Written by 
Rate this item
(1 Vote)
Thyme Thyme

No herb garden is complete without at least one Thyme. This herb has been used for thousands of years. The Egyptians used herb oil for embalming, the Greeks for scenting bathwater and early Britons consumed Thyme tea to enable them to see fairies!

Today it is used in medicinal, culinary and cosmetic applications, and is amongst the best known of herbs. There are over 300 varieties and native species can be found from Greenland to Western Asia, and there are plenty of cultivated and hybrid varieties available for any condition.

Growing Thyme

Most Thymes available are hardy perennials.  They are a small plant and take up little space, and are ideal for growing in pots, or in a small nook in the front of a herb border. They will tolerate any soil, and they will grow pretty much anywhere so long as they get enough sun.

Thyme can also be used as a lawn replacement thanks to their spreading low bushy habit, however this is only really suitable for an ornamental lawn, and not a lawn that gets walked on often.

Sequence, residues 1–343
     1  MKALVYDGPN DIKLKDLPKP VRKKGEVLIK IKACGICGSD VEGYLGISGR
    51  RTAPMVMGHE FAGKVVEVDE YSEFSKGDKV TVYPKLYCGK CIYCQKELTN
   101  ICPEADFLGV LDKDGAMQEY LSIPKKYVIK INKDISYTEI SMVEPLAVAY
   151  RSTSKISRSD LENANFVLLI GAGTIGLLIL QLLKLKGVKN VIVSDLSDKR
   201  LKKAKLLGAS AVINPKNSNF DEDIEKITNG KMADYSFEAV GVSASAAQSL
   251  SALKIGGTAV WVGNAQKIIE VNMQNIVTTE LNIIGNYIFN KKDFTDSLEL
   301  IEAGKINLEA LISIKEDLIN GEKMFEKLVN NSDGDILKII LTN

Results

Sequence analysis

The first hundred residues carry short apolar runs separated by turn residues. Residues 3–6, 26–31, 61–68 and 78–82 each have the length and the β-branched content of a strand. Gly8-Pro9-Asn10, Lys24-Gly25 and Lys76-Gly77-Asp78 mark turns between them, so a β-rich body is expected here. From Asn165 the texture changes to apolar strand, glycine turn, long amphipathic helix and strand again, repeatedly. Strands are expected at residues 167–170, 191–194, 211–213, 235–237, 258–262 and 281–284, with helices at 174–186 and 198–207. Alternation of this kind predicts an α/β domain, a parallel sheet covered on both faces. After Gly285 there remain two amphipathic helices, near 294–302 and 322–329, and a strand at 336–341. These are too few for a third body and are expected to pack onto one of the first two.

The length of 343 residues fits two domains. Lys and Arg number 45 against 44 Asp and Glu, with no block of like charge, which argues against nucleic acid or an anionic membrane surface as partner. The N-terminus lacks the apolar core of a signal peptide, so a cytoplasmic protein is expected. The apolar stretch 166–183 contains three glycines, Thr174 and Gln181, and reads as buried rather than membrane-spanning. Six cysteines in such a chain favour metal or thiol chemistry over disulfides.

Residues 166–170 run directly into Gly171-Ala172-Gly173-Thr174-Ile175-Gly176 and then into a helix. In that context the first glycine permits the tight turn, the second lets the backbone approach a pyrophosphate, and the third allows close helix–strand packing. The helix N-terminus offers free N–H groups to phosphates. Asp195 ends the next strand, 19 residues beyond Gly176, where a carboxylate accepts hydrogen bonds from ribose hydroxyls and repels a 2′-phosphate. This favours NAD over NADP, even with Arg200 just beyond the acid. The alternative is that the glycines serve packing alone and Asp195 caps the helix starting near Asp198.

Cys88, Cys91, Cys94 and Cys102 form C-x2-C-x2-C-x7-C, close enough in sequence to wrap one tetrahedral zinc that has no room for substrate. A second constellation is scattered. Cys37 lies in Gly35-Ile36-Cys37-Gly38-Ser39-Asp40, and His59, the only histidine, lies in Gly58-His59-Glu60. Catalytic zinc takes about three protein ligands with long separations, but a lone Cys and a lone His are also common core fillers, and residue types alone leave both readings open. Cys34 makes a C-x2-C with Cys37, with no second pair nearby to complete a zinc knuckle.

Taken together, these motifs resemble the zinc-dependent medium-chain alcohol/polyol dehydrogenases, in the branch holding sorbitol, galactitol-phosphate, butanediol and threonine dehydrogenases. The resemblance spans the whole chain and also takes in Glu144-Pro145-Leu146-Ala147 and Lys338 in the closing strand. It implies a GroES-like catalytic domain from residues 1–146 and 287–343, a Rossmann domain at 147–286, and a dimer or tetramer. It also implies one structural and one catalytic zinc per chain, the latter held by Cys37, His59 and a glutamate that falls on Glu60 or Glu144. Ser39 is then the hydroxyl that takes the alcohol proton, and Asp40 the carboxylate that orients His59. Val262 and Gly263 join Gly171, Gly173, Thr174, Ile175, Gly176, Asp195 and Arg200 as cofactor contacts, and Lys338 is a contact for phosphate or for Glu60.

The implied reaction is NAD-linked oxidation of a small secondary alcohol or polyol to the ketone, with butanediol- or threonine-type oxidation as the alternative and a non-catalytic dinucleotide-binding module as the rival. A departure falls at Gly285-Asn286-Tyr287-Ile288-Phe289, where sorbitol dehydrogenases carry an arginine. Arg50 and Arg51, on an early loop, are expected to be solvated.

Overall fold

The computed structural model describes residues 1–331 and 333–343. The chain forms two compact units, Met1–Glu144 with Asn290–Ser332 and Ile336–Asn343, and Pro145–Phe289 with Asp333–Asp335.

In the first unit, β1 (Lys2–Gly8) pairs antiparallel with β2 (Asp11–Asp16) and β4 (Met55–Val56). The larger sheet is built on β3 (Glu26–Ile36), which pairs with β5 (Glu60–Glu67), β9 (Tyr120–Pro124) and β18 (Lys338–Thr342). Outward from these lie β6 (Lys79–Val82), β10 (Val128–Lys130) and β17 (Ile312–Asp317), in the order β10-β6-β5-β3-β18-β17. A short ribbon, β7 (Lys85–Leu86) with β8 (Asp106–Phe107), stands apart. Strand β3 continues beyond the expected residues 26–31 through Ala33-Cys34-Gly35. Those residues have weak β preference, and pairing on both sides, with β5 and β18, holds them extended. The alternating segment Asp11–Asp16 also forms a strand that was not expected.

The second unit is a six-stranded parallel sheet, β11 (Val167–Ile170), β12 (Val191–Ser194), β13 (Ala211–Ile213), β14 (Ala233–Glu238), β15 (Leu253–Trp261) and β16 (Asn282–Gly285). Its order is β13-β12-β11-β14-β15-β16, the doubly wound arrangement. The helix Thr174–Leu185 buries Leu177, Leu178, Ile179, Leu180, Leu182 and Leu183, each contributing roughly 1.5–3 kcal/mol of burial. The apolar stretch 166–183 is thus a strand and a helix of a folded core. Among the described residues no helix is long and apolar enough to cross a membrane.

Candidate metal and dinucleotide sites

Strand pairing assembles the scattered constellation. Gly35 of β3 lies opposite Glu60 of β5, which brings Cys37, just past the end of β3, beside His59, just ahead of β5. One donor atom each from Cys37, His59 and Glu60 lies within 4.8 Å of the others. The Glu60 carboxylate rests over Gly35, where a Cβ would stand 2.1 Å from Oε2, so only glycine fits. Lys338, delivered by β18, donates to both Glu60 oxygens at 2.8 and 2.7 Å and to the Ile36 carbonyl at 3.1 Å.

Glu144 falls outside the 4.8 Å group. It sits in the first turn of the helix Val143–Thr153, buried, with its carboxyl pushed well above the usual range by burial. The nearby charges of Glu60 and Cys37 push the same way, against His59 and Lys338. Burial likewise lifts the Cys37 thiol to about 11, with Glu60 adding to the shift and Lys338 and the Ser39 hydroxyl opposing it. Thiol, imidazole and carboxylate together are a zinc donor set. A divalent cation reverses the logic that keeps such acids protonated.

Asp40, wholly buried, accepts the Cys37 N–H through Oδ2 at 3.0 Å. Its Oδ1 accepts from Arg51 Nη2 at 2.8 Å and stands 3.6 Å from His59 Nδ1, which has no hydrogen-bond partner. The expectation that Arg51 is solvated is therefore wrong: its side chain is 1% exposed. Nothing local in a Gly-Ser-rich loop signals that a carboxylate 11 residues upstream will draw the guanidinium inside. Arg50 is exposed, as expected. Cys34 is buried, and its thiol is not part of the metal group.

Thyme is best propagated from softwood cuttings to ensure it comes true to form. Seed collected from hybrid varieties may not come true to form.

Using Thyme

Thyme has medicinal, cosmetic and culinary uses. Personally no roast potato is worthy of the table unless roasted with Thyme and garlic, and this is an essential ingredient in any stuffing!

Phyl @ The Allotment Gardener

Lifelong gardener and allotment enthusiast. Now have 3 allotments!


Related items

More in this category: « Sage
Login to post comments

NOTE! This site uses cookies and similar technologies.

Unless you change browser settings you agreeing to the use of cookies.

I understand